“Carver is the anchor”: East Waco residents heartbroken by school fire
WACO, Texas (KWTX) - Dozens of current and former students, parents and staff of G.W. Carver Middle School came to see what was left after an early morning fire Tuesday.
Officials have not said the structure is a total loss, but significant damage was done to the school library, gym, front offices and classrooms.
Shortly after it caught fire, school secretary Sandra Dorsey-Butler, who lives two doors down from the school, got a call that woke her up.
“Its my birthday. At 3:05 I got a call from my principal saying ‘Ms. Dorsey I wanted to call you later this morning to wish you a happy birthday but Carver is burning down,’” Dorsey-Butler explained.
She and her sister, Cynthia Dorsey Edwards, could see the flames from their window and walked to the school for a closer look.
“Flames were shooting up from the library from the administrative offices,” Dorsey-Butler explained.
Both their parents worked at the school when they were growing up, their father was was a vocational agriculture teacher before becoming executive director of OAC, and their mother worked as the school secretary.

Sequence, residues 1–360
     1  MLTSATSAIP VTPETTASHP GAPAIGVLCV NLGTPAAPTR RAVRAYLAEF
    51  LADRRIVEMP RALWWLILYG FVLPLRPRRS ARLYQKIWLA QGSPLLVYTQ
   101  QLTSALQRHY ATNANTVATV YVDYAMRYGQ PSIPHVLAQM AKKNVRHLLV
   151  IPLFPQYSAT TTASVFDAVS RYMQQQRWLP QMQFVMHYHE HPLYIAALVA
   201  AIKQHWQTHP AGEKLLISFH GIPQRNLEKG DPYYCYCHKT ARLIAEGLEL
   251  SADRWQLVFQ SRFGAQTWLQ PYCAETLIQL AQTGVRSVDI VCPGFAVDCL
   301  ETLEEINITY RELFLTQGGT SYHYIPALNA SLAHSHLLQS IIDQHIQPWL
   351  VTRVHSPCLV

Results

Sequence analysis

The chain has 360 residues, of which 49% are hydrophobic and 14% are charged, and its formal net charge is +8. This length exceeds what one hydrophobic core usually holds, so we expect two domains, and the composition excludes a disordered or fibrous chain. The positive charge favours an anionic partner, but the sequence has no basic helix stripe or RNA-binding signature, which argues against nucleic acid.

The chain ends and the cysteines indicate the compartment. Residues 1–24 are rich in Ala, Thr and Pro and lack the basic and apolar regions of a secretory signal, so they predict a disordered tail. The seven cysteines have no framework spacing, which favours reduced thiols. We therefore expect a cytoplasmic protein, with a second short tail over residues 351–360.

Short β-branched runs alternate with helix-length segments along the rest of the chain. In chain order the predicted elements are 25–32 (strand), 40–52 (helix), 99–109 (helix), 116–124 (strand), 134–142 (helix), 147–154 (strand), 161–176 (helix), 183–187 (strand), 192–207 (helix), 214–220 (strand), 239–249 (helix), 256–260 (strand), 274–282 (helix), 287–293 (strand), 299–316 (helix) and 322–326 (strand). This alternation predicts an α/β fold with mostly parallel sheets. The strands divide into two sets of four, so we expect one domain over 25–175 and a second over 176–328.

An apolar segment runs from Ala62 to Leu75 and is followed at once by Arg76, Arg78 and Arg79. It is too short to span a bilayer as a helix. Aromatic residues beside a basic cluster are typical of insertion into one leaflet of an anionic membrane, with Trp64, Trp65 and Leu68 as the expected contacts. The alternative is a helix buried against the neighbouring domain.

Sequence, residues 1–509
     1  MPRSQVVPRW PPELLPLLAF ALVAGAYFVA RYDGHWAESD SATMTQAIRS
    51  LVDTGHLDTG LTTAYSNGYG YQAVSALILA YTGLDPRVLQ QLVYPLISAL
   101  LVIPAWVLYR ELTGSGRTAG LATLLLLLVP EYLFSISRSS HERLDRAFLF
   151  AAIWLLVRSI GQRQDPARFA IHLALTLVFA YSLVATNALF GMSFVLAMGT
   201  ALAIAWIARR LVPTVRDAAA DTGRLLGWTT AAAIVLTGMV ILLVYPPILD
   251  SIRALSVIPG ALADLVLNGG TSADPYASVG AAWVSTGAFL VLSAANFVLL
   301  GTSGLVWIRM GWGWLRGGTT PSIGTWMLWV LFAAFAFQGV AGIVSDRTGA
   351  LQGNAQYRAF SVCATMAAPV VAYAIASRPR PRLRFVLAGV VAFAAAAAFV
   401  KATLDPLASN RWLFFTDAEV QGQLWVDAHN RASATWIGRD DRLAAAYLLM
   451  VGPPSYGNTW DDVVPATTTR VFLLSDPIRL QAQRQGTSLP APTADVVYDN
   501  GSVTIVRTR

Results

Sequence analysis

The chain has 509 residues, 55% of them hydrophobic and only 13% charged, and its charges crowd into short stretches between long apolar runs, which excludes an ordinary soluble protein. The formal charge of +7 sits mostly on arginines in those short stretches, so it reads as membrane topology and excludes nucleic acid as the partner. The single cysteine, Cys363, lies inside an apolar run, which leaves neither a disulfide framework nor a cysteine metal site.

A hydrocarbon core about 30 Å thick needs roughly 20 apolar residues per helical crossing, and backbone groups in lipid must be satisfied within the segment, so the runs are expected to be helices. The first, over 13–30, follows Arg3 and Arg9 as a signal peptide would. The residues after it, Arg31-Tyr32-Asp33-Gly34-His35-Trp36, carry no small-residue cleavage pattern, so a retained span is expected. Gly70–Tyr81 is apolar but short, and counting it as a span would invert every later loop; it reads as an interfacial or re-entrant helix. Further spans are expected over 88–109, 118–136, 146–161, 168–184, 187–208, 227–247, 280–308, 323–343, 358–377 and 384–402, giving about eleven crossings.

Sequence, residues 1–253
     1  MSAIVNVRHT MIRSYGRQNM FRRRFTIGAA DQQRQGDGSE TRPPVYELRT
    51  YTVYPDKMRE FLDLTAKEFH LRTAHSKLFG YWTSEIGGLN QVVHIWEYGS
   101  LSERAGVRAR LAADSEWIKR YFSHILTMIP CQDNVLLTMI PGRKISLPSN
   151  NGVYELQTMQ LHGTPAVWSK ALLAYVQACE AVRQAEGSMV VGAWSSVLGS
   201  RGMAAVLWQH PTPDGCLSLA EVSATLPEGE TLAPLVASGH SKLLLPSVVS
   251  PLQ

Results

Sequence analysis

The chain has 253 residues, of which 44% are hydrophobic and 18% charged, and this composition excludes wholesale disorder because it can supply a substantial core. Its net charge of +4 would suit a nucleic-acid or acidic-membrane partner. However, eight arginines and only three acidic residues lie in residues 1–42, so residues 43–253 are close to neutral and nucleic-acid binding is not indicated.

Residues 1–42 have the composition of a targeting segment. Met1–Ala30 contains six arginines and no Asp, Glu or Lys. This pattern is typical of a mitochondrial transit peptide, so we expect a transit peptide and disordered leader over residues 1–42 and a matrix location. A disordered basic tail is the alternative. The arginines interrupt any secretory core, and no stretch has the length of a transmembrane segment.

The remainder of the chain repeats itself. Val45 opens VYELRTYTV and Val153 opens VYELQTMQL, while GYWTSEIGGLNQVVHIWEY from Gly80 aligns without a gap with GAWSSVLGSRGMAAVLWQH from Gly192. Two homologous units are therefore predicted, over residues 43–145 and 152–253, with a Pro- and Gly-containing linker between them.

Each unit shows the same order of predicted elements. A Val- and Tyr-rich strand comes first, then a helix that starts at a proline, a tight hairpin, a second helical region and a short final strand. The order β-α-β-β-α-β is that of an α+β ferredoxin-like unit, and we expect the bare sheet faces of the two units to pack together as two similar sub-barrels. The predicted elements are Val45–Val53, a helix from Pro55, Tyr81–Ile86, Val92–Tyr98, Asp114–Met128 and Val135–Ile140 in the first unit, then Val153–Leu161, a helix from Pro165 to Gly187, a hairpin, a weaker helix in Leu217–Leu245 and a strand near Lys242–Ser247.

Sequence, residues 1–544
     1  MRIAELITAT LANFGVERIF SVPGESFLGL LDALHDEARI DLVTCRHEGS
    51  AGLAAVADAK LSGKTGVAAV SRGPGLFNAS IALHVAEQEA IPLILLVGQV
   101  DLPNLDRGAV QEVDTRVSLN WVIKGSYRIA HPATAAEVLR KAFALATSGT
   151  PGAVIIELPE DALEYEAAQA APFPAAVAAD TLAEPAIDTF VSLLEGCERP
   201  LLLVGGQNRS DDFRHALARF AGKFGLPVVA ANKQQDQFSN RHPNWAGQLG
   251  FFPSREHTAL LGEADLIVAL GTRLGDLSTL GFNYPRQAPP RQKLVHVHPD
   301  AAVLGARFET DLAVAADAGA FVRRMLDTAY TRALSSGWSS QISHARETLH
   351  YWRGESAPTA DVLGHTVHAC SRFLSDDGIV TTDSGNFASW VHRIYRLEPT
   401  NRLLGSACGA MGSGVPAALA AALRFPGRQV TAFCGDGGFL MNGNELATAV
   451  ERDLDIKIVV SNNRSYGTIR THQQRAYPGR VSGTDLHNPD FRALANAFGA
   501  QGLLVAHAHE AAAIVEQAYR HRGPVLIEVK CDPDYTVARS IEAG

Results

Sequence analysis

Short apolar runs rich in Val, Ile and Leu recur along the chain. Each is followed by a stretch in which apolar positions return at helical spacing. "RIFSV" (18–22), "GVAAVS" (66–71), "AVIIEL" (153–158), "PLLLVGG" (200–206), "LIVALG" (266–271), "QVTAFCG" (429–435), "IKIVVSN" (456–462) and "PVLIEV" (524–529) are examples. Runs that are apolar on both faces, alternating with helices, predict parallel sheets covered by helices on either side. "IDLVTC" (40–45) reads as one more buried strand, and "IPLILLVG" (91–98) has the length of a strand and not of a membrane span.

They were part of the original faculty and staff when the school opened in 1956.
Edwards, class of 1968, graduated with the first group of students to go all the way from first to 12th grade at Carver back when it was a high school for the black community in Waco.
Dorsey-Butler graduated the following year as the last class to graduate before the high school closed.
Carver later reopened as a middle school and the Dorsey sisters say it has been the anchor of East Waco for decades.
“We have no grocery stores, cleaners or businesses that anchor this community but Carver is that anchor,” she explained.
They are optimistic though, that the strong foundation partially built by their parents will ensure a bright future for the students and staff of the school moving forward.
The school has too much damage to be ready for the upcoming school year, so its student body will be moved to Indian Spring, but Dorsey-Butler says they must rebuild G.W. Carver.
“I can’t even begin to talk about what all we lost in that school,” Transformation Waco CEO Dr. Robin McDurham said.
For Dorsey-Butler, it was a sweater, a personalized coffee mug and school yearbooks that come to mind of what she had left in her office.
Luckily, she kept a copy of most of the yearbooks at home too.
Rebecca Reyna’s two daughters went through G.W. Carver a few years ago, she looked on the burned building Tuesday holding onto to the memories of her girls in band.
“Its a building. Its lost but its the memories, no one can take those memories away from those children,” Reyna said.
“Once a Panther always a Panther, the community needs to come together now.”
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